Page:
East of Eden (704 pages) by the incomparable John Steinbeck. I’m a huge Steinbeck fan, and if you like his other not-cheery books, say, The Grapes of Wrath or Of Mice and Men, give East of Eden a try. It’s his best one.

Demon Copperhead (560 pages) by Barbara Kingsolver. A modern-day Appalachian retelling of David Copperfield. The narrator’s voice in Demon Copperhead rang so true to me. Themes of rising from poverty and family addictions are dear to my heart when written well.

The Book of Strange New Things (512 pages) by Michel Faber. A sci-fi book about religion, other planets, missionaries, and the Bible, written, without irony or ridicule, by an atheist. I couldn’t pass that up and it didn’t disappoint.

Ishmael (528 pages) by E.D.E.N. Southworth. This book was written in 1876 and published by Lamplighter, a company dedicated to bringing forgotten Christian novels back into print in beautiful editions. There’s a sequel that tells the rest of Ishmael’s story (Self-Raised), and another stand-alone title by this author that I liked even more than Ishmael, called The Hidden Hand.

Cloud Cuckoo Land (640 pages) by Anthony Doerr. This is a book for people who love books, by the author of All the Light We Cannot See. The plot moves back and forth over six centuries, following several different characters until things converge at the end. I love books like this.

The Woman in White (672 pages) by Wilkie Collins, contemporary and friend of Charles Dickens. This mysterious page-turner has one of my favorite female characters of all time, Marian Halcombe.

Here are a few more big books that I’ve loved, but have not read recently. This includes several books I read in my twenties, so I’m not vouching for anything here except that I loved them at the time:

  • Cutting for Stone (658 pages) by Abraham Verghese
  • The Book Thief (608 pages) by Markus Zusak
  • Evergreen (698 pages) by Belva Plain
  • The Thorn Birds (688 pages) by Colleen McCullough
  • The Physician (765 pages) by Noah Gordon
  • The Stand (1138 pages) by Stephen King
  • Pillars of the Earth (1104 pages) by Ken Follett

Just for fun, two huge books that I finished but really and truly disliked: The Goldfinch (771 pages) and Forever Amber (976 pages).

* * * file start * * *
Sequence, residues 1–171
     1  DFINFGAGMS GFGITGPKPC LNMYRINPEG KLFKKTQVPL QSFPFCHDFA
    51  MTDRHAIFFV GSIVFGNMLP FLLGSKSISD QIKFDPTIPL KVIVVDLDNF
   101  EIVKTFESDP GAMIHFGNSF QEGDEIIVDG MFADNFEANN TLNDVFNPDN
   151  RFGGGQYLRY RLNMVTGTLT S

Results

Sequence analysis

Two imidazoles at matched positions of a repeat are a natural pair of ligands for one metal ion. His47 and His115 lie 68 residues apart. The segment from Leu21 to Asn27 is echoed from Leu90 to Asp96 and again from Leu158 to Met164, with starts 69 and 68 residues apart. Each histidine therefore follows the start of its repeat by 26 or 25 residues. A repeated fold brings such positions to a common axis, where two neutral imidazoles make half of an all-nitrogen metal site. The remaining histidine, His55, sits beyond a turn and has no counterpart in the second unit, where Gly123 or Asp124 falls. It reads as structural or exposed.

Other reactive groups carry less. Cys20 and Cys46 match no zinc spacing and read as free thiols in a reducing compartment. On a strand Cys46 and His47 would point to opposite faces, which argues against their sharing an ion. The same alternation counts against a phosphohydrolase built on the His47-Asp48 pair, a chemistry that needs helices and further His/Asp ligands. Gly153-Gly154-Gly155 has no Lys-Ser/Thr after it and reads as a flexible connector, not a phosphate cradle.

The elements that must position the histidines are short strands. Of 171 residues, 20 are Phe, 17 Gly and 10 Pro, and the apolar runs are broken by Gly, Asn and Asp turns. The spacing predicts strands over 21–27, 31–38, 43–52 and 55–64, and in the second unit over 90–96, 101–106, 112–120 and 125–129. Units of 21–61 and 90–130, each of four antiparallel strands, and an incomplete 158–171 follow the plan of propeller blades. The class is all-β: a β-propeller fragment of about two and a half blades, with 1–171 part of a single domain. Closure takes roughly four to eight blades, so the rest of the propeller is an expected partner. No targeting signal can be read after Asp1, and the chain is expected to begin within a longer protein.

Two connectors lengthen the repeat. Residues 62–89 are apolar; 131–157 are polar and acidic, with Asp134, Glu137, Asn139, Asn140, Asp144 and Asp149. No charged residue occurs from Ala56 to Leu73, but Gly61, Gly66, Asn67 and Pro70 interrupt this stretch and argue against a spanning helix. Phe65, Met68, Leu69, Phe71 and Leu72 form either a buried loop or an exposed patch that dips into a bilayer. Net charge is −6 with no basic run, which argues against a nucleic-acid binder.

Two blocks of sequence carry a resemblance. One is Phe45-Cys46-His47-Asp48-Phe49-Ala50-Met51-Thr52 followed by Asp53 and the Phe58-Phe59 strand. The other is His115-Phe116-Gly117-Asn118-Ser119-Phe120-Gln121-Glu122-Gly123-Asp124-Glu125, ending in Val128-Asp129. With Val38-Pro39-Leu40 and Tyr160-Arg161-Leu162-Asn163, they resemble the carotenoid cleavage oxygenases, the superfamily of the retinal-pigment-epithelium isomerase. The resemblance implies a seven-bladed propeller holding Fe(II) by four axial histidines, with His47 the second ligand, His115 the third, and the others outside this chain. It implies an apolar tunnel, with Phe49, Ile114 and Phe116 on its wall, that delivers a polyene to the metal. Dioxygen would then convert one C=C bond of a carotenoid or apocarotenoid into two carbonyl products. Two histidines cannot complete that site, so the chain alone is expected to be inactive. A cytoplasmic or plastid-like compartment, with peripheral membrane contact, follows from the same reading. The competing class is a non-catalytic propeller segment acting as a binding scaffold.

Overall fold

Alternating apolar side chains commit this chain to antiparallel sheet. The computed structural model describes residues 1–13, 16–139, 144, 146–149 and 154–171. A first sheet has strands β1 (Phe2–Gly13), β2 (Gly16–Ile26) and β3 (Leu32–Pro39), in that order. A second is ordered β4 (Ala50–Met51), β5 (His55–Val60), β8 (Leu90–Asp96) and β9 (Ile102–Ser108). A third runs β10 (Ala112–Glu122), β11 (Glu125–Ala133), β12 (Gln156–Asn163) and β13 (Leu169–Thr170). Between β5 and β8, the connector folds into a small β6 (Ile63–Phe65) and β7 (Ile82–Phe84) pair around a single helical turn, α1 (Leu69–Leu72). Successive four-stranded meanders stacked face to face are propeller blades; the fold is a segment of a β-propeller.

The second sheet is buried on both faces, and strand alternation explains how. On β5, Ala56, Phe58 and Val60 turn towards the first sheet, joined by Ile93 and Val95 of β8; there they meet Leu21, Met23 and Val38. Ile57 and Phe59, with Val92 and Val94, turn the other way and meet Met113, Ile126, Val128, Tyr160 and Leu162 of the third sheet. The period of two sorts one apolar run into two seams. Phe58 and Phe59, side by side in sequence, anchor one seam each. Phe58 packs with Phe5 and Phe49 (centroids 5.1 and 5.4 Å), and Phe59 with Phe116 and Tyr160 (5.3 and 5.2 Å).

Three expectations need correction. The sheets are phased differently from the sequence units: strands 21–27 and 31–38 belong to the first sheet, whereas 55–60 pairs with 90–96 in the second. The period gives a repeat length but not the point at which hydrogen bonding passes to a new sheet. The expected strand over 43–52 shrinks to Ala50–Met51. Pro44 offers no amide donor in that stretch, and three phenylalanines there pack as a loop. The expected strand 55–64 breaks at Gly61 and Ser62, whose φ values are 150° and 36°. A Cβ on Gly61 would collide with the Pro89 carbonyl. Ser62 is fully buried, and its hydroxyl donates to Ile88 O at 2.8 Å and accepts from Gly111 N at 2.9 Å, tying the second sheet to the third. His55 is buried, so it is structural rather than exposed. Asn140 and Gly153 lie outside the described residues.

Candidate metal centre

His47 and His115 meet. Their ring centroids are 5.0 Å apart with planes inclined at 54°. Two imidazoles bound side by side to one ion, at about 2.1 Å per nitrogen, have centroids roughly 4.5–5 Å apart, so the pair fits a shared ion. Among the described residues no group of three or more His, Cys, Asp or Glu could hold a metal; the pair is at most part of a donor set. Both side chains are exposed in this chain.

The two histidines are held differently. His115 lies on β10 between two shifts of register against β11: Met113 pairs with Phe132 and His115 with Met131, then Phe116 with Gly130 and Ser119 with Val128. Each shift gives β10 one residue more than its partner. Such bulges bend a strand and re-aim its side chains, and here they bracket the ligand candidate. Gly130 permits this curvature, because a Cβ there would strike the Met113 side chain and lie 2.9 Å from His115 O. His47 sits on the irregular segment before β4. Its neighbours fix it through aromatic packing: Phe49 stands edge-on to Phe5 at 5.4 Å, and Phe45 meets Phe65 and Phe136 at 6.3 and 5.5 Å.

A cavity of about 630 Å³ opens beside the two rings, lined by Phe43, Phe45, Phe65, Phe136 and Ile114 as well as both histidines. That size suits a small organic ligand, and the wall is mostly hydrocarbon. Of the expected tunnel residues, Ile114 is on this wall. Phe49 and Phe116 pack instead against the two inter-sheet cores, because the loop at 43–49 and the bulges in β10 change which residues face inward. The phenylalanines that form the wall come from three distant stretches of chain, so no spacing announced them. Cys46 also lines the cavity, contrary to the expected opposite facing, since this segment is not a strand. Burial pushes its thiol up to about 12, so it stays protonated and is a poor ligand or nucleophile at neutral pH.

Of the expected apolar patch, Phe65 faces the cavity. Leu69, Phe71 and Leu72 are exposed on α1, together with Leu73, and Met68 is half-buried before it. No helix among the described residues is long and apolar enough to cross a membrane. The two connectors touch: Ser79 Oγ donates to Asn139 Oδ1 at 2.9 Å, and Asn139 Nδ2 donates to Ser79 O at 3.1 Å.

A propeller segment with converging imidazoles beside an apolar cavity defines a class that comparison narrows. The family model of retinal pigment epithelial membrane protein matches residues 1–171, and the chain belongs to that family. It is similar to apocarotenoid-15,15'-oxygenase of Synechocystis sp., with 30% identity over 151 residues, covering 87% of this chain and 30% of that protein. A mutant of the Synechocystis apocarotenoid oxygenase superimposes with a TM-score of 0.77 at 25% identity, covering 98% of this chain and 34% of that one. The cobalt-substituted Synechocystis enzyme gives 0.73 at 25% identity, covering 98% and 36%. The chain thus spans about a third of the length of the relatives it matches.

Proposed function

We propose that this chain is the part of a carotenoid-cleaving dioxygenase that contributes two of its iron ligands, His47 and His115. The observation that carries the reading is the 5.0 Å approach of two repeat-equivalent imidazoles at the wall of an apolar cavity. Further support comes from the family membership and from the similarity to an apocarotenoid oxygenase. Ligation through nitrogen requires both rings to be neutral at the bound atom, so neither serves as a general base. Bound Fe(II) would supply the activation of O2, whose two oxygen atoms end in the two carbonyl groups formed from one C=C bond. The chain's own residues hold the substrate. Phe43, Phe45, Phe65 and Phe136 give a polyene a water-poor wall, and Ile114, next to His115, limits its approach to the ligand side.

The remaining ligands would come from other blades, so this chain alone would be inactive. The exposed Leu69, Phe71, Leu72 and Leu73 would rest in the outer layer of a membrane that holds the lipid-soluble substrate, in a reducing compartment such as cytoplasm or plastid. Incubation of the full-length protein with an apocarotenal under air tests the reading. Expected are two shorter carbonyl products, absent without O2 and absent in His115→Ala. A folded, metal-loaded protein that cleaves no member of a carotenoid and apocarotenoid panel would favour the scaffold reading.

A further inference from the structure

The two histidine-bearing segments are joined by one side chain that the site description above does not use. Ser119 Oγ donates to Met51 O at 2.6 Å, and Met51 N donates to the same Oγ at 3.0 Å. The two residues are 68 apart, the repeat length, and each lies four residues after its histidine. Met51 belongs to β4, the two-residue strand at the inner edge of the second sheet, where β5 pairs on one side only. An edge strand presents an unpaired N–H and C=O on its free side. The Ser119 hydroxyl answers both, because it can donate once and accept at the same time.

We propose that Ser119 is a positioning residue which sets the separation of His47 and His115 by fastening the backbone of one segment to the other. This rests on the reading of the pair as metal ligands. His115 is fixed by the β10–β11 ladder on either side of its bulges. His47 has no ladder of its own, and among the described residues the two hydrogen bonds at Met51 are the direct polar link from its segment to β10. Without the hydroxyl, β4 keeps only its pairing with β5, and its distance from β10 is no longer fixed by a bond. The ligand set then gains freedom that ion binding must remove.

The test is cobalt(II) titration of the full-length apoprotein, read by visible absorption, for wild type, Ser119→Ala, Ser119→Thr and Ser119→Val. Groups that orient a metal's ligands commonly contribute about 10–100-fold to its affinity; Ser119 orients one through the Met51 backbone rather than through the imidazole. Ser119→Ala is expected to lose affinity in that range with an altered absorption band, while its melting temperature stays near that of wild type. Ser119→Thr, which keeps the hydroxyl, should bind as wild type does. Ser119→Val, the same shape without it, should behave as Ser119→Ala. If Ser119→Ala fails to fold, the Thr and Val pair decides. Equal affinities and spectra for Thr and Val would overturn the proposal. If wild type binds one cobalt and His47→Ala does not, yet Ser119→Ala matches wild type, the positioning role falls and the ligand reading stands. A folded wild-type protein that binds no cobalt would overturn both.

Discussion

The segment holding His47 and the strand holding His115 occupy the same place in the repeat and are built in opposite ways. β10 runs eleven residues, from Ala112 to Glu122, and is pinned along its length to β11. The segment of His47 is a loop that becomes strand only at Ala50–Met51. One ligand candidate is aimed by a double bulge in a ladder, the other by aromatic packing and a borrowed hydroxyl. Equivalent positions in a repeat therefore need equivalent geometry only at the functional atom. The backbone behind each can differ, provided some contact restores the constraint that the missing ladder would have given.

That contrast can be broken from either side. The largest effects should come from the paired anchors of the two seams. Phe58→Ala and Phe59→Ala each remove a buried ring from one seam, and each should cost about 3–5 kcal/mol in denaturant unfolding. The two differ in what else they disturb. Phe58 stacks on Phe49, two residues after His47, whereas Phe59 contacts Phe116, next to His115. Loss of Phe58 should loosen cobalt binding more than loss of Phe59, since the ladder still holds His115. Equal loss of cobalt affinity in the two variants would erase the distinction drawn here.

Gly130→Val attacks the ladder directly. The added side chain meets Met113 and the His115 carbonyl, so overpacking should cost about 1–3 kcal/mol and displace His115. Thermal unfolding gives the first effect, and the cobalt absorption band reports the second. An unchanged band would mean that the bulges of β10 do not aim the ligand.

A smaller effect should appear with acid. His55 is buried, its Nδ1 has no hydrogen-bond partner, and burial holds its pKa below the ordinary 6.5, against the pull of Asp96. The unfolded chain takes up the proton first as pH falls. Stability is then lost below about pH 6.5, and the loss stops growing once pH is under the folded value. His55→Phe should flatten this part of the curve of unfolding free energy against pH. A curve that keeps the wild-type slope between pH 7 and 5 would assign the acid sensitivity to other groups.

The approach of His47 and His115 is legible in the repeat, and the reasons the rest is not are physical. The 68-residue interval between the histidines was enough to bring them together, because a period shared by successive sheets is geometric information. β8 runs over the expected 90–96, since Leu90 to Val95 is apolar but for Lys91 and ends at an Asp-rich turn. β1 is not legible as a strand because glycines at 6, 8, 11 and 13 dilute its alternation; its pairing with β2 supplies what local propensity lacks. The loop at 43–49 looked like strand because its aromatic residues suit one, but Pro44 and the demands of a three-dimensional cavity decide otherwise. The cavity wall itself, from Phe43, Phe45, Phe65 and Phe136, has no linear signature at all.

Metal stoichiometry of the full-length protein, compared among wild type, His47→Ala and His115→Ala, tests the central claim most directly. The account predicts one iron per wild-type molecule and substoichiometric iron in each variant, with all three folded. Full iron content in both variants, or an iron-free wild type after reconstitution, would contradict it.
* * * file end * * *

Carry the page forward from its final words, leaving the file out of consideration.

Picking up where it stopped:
And a few that I’ve tried to read multiple times but could not finish no matter how hard I tried:

  • David Copperfield (624 pages) (see Demon Copperhead, above)
  • Les Misérables (1488 pages) (I love the story, but Hugo needed a good editor here)
  • Lord of the Rings (1178 pages) (I know that I may have my reader/Christian/teacher privileges revoked by admitting that I cannot make myself enjoy reading LOTR)

There’s one other very long novel I haven’t tackled yet, but I think I will soon. My son came home from the bookstore recently, showed us the tremendous tome that he had purchased, and announced that he planned to read The Count of Monte Cristo over the summer. I might read it, too—it’s been on my list for years. And I’m now going to admit something that’s even more shocking than my not liking Lord of the Rings: there are a few, a very few, extremely long books that, even as an English major and former English teacher, I would willingly read in an abridged edition (Les Mis, Moby-Dick, and Hans Brinker come to mind). I mentioned this to my son, that I was considering the abridged version … and he was utterly horrified. So in order to save face with my offspring, it looks like I’m going to have to read all 1276 pages of The Count of Monte Cristo.

I’ve heard it’s good.

3 thoughts on “Long Books Worth Their Weight

  1. Rebekah, great article on great reads. I just love how you always “confess your sins” in such a sweet way. I always identify!🥰 Cathy


    1. Haha, yes I do have many sins, even reading sins. Thankfully Jane Austen has short books, or I would have had to confess my sins of not liking those here, too. 😉